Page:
What's in a Word?

For the week ending 18 November 2017 / 29 Heshvan 5778

The Unaffiliated Nations

by Rabbi Reuven Chaim Klein
The Color of Heaven Artscroll

When a very pregnant Rivka consulted with the prophets Shem and Ever to find out what is in store for her unborn child, she was informed that she was actually carrying twins. The prophet cryptically spoke about her future sons Jacob and Esau: “Two nations (goyim) are in your stomach, and two nations (leumim) shall separate from your innards, and one nation (leom) will be stronger than the other nation, and the greater will serve the younger” (Gen. 25:23). In this one verse there are three different words used which mean “nation” and, of course, the Hebrew word am also means “nation”.

Rashi (to Ps. 2:1) writes in the name of Rabbi Menachem Ibn Saruk (920-970) that leomim, umim, and goyim are all words which bear very similar meanings. Rabbi Wolf Heidenheim (1757-1832) infers from Rashi’s comment that these words are not true synonyms that mean the exact same thing; rather, they have slightly different, nuanced meanings. What do all these words for “nation” really mean and what is the difference between their implications?

In his commentary to Psalms, Rabbi Yoel Ibn Shuaib (a 15th century Spanish commentator) writes that goy refers to a nation that is not united under one king (like the Phillistines who were ruled by a pentaverate comprised of five leaders, see Josh. 13:3), while the words umah/leom refer to a nation united under one king. Similarly, Rabbi Heidenheim explains that the word goy refers to a conglomeration of people who are not necessarily united or connected to each other in any concrete way. The word am, by contrast, refers specifically to a group of people who are united by way of a singular leader, king, or G-d/god. According to this, every am is also a goy, but not every goy is also an am.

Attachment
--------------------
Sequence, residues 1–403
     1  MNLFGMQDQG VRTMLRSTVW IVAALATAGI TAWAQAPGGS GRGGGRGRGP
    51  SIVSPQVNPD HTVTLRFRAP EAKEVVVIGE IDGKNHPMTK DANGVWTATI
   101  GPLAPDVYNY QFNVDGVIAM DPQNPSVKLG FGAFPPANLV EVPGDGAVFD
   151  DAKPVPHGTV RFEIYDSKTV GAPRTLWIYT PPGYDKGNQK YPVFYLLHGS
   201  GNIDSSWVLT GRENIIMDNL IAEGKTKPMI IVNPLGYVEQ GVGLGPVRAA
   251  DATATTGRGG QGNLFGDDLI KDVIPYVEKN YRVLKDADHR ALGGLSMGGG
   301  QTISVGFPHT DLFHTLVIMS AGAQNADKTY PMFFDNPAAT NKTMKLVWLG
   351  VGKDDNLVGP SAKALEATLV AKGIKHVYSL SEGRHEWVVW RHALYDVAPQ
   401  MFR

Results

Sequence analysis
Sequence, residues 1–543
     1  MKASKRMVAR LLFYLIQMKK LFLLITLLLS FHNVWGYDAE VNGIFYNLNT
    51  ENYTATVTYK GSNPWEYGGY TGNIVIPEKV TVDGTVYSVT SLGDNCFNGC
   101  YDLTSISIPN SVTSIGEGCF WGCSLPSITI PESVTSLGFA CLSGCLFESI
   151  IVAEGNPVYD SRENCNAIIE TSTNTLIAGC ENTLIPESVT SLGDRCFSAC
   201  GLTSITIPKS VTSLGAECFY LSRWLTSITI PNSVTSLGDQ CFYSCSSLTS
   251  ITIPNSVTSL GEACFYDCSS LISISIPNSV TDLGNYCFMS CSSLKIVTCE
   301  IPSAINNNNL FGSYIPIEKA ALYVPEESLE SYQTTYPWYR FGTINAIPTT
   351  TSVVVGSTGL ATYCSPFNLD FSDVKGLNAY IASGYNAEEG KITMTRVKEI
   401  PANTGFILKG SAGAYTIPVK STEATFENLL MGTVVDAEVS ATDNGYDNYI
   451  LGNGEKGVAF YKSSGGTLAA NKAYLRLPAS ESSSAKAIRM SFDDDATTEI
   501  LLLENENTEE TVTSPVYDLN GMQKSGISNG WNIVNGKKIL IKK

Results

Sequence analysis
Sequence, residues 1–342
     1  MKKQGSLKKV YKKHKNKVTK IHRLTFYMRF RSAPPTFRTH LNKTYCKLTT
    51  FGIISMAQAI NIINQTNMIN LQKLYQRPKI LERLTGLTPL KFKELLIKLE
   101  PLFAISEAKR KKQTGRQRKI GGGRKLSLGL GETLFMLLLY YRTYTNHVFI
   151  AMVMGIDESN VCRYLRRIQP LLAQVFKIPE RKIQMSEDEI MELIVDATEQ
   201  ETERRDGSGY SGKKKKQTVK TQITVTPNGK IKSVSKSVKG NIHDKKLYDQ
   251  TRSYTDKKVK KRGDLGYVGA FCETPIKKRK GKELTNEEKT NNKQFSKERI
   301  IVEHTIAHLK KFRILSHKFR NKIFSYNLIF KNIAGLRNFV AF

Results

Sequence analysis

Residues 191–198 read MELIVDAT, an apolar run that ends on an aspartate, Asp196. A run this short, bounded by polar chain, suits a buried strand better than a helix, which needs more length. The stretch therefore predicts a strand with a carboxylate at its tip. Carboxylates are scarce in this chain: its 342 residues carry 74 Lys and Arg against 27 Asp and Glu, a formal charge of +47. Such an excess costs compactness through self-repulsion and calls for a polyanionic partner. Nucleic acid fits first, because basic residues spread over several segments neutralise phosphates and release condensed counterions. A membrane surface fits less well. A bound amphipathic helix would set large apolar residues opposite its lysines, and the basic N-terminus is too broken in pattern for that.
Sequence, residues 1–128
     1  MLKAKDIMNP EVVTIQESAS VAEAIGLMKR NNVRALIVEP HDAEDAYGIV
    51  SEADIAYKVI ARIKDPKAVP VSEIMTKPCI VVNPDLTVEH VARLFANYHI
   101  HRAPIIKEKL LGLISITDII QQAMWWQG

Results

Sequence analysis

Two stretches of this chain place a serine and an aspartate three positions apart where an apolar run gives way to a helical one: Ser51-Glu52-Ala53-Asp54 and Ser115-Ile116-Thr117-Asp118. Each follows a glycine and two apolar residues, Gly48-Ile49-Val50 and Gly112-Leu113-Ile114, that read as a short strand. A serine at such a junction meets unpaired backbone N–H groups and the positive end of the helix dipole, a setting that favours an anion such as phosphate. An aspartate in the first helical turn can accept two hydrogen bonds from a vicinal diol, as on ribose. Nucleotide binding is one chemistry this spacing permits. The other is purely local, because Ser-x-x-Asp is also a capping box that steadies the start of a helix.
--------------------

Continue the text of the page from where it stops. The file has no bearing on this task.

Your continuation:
Following this basic approach, Malbim further explains that the word goy is a more general and vague type of nation, while the word am denotes a smaller, more specific type of nation. For this reason the Jewish people are generally referred to as an am (Am Yisrael is “the Nation of Israel”), while other nations of the world are referred to as goyim (“nations”). The only exception, Malbim notes, is that when the Bible wants to focus on the multitudes of the Jewish population it will sometimes use the word goy to refer to the Jewish People simply because that word is more associated with greater numbers than the word am is.

Malbim further explains that the word goy is related to the word gviah (body), and in its crudest form refers to simply a collection of “bodies” who are joined together as one unit. There are four possible reasons why these individuals might unite: geographical considerations, linguistic affinities, genealogical realities, or simply the desire to enter a political union. Each of these types of groups — people who live together, people who speak the same language, people who are descendants of the same tribal patriarch, and people who agreed to unite — is called a goy. They are united by a “marriage of convenience”, as no other goals or values really unify them. The word am, on the other hand, is specifically related to the concept of sovereignty and authority. Thus, a nation described as an am can only be a nation that is united under a singular king — not a group of people who join together for any other reason.